Approximately 75 percent of people with Familial Mediterranean Fever have episodes of joint pain (arthritis). The pain, which may be accompanied by swelling, may be severe and limit the range of motion in the affected joints. Attacks of arthritis usually subside within 7 days and joint function is restored. However, in some affected individuals, these episodes can also continue for several weeks or months. (Mine have been periodic for many years.) Some individuals with Familial Mediterranean Fever have painful swollen red (erythematous) skin lesions (pyoderma) on the lower legs.

Individuals with FMF may also experience depression and other psychological difficultiies.(I have suffered bouts of recurrent chronic chemical depression for years,worsening as I becane older.)

Some individuals with the disorder may experience a serious complication known as amyloidosis. In this condition, a fatty-like substance (amyloid) accumulates in various parts of the body. If amyloid accumulates in the kidneys (renal amyloidosis), kidney function may be impaired and life-threatening complicatins may occur. Some affected individuals may experience intestinal obstruction (My grandfather died of an intestinal obstruction.) and inflammation of the membranes that line the brain (meningitis) as complications of amyloidosis associated with Familial Mediterranean Fever. (I believe this caused confusion, inability to concentrate, and mood swings, among other things in my case.I wonder about ADHD and even Alzheimer’s Disease.) Affected individuals from certain ethnic populations (such as those of Turkish or Sephardic Jewish descent) may have a relatively high incidence of amyloidosis when compared with those from other ethnic groups.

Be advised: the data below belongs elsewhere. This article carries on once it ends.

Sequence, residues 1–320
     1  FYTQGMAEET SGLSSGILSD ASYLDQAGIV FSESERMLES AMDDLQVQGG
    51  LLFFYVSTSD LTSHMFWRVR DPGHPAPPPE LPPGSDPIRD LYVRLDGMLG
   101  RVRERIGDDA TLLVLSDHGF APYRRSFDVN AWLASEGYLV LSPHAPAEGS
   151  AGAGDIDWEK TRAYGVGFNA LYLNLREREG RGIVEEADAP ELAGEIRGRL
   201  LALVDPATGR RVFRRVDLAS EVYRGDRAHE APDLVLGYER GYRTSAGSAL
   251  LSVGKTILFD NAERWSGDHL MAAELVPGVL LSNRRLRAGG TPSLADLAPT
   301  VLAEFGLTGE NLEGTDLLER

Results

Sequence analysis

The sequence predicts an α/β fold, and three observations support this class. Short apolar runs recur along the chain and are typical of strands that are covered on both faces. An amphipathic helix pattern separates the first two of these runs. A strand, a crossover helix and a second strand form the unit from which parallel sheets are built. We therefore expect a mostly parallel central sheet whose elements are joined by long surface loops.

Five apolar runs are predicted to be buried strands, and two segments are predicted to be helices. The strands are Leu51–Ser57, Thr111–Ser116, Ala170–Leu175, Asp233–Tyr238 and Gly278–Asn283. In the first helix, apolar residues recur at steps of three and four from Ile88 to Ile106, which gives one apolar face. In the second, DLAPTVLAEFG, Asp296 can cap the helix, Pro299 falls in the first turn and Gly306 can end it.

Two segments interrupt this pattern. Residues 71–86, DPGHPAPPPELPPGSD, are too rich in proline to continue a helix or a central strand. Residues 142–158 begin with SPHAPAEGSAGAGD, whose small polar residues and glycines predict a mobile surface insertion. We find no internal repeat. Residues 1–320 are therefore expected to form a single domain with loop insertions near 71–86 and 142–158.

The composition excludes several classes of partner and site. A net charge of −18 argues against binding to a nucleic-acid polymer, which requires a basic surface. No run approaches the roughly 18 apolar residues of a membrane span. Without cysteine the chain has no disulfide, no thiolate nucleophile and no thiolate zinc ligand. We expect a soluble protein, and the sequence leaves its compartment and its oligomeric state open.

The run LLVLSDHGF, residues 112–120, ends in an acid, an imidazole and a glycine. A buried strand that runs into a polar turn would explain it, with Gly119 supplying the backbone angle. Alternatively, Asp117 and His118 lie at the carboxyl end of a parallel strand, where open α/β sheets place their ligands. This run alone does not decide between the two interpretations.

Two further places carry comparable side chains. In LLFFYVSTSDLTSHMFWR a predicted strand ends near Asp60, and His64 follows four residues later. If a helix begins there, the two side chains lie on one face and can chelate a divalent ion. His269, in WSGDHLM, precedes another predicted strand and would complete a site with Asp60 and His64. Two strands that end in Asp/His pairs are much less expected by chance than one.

In most cases, FMF is thought to be inherited as an autosomal recessive genetic trait. Human traits, including the classic genetic diseases, are the product of the interaction of two genes, one received from the father and one from the mother.

In recessive disorders, the condition does not appear unless a person inherits the defective gene for the same trait from each parent. If an individual receives one normal gene and one gene for disease, the person will be a carrier for the disease, but usually will not show symptoms. The risk of transmitting the disease to the children of the couple, both of whom are carriers for a recessive disorder, is 25 percent. Fifty percent of their children risk being carriers of the disease, but usually will not show symptoms of the disorder. Twenty-five percent of their children may receive both normal genes, one from each parent, and will be genetically normal (for that particular trait). The risk is the same for each pregnancy.